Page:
I think this is the answer that pulls us together, the one that helped Whitefield and Wesley keep on working together, actively evangelizing together. Don’t overdo, either of you. Don’t you dare forbid prayer for those not-yet-believers. Don’t you dare say that you need to find something amazing in you before you dare trust Jesus. I say this because of my heart’s desire for God-given revival, when we all will work together. If we’re not ready for that, when it happens again, we’re going to be so into being together that we’ll want to pay the price of dropping all the theology that keeps us apart—to our shame and regret. But if we’ve both corrected our courses before, until we’re very close to being on the same path—well Hallelujah Amen! 

I’ve just read again Jim Packer’s Keep in Step with the Spirit. He’s good at pointing out where almost everyone else is wrong, but he also tells us what others are bringing to the banquet table, especially Pentecostals. While the rest of us are working hard just to stay alive, they’re the ones that are growing, down in South America and Africa. It won’t be long before they’ll send missionaries to us and to Europe. The biggest thing I got from Packer is that they’re learning to describe what Jesus has done—while keeping the focus on Jesus himself. That’s where they can be ahead of the rest of us. “The presence of Jesus right now beside us, by the Holy Spirit as we call out to him”—that’s what they can give us, and they are already. The biggest new piece in our Calvinist theology is discovering that “union with Christ” isn’t some vague future thing but rather the foundation of all else. So we can rejoice together, can’t we?

I know a missionary who tells me that in South America he’s a Baptist but in Africa a Pentecostal. I know another who works in Latin America. He’s immersed in the OT and thought he went there to help the Presbyterians, but when they weren’t that interested and the Pentecostals kept coming to him, he showed them Jesus in the OT. They are turning from legalism (sound familiar?) to the big gospel. 

About everything else I thought about is back in history, still keeping us apart. The Pentecostal thing is right now; this is Christ’s one church.

It’s easy to stand in front of a classroom and pontificate: “this is how we’re right and they’re wrong. What makes us special is how we’re different.” It’s a lot harder to do a seminar where everyone talks and I have to listen. What if what really makes us special is that we’re good listeners? What if we can hear God’s Word better in what others are saying, than in listening to ourselves talk? What if we want our presbytery, at least one of our presbyteries, to be all the churches within a couple miles of us?

I think the clue is what we’ve learned about Calvinists and Arminians. Just don’t exaggerate the differences or you’ll be wrong. Look at Martin Luther and his horse again: if you’re so worried that you’ll fall off the horse on the right side that you lean to the left, well you’re going to fall off on that side. Consistency is a good thing, but be careful that you don’t want to be more consistent than God’s word. Be careful that you don’t lose ability to listen, either to God or to each other.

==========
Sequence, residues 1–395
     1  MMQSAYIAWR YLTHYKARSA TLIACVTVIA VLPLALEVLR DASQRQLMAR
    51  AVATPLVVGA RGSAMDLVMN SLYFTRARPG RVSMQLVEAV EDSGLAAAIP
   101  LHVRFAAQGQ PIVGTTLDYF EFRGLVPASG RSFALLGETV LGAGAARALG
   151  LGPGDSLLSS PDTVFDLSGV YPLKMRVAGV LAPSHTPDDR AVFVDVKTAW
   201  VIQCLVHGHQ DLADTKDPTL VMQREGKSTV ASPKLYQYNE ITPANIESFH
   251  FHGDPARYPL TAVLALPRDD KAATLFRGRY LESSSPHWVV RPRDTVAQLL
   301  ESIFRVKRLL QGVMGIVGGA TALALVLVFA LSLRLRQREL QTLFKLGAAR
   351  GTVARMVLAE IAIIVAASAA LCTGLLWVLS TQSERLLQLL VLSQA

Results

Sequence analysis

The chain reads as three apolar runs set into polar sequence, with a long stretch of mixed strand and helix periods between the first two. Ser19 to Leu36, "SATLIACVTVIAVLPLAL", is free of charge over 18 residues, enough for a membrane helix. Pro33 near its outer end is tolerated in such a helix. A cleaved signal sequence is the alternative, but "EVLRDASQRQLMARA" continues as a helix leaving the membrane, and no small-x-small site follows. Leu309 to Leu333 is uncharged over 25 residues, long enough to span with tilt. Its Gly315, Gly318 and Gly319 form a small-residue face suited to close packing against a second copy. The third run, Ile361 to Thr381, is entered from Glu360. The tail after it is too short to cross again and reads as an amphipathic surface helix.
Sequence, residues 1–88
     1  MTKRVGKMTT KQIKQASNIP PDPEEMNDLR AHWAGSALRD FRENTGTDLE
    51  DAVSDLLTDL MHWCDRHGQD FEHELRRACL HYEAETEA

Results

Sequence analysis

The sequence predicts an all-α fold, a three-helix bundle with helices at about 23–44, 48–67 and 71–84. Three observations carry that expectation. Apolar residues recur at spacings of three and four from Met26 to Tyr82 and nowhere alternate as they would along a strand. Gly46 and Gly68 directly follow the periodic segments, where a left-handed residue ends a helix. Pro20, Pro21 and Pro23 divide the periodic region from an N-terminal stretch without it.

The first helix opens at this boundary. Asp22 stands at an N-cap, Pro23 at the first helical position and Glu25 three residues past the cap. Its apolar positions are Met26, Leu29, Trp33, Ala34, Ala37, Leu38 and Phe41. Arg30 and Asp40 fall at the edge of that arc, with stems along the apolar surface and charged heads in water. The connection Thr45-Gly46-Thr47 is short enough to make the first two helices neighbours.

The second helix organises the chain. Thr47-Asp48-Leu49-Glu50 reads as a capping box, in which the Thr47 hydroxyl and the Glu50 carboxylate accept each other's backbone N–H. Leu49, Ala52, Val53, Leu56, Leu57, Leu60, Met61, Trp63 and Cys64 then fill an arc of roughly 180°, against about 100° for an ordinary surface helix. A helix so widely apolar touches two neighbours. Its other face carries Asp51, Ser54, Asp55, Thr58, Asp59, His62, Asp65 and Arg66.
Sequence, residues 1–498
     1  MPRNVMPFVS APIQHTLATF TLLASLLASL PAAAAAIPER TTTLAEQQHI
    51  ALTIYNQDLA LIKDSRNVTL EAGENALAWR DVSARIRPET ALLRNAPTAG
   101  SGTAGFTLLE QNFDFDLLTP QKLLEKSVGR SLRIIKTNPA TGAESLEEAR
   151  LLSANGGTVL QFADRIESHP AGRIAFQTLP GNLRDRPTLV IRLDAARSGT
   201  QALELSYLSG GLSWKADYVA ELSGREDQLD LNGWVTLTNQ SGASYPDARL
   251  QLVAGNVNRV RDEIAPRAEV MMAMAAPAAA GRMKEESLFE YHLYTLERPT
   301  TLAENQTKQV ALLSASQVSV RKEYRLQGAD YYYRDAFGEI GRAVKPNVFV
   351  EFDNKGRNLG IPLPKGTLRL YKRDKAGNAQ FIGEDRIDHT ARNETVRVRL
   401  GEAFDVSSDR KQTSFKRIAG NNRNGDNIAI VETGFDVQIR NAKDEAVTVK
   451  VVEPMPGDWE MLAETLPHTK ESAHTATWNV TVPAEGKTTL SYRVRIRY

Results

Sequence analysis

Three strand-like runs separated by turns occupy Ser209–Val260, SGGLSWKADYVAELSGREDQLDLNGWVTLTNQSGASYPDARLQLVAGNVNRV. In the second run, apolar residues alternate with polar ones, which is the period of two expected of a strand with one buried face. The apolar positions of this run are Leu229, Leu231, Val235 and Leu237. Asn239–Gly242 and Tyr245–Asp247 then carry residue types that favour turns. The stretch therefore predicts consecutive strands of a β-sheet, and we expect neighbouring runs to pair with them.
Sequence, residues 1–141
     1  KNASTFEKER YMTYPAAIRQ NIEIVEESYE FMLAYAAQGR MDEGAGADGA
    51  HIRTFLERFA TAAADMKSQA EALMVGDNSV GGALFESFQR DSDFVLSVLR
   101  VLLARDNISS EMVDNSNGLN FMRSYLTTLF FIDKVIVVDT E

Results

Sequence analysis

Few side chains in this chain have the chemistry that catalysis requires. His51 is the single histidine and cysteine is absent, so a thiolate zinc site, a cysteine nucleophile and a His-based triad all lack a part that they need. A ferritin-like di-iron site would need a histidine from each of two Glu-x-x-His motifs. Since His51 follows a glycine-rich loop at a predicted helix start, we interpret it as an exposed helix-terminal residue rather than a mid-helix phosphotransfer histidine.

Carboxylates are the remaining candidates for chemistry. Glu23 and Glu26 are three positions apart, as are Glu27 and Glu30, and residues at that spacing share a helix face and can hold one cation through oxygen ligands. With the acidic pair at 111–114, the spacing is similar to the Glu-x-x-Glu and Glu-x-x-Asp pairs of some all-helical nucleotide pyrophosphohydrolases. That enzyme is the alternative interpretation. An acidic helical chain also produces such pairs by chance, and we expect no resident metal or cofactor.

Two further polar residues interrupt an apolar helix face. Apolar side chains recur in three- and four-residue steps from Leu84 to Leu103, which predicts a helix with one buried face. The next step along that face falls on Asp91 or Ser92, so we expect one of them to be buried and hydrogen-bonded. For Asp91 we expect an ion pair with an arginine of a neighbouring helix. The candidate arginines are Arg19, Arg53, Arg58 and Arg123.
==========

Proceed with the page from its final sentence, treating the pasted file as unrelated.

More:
I know finally that there will be no conversation with the Westminster Board. I know their stance is so outlandish that it’s bound to disintegrate by itself within a few years, without needing any help from me. But I believe that we outsiders have been learning, especially about listening. (When no one listens to you, that helps the learning process.) I think I know what’s in the minds of the WTS Board, something like this:

The authority of the Bible and its inerrancy is under vigorous attack. The way we have always understood it is no longer acceptable by many within our ranks, and we must do something against that terrible trend. We note that many erroneous views come from reading the OT without NT clarification. Therefore we intend to remove from the Faculty all those who speak of reading the OT by itself, regardless of whether they go on to study how the NT uses the OT text. 

I think that is the Board’s direction. I deeply honor their commitment to God’s Word and ensuring that WTS is a place where it is supported vigorously and clearly. I agree with them that this is an important need in Christ’s church today. Their procedure appears at first glance to be consistent with the Seminary’s passion for teaching and learning the Word. But is there a downside?

I believe so. Just as Calvinism is not well served by hyper-Calvinism as the wisdom of man replaces God’s revelation, so support for the inerrancy of Scripture is not well-served by a hyper-inerrancy. How can we understand the OT unless there is room for serious study of how it was originally expressed? That is especially crucial at a school with a PhD program, but it is invaluable at all levels of biblical study.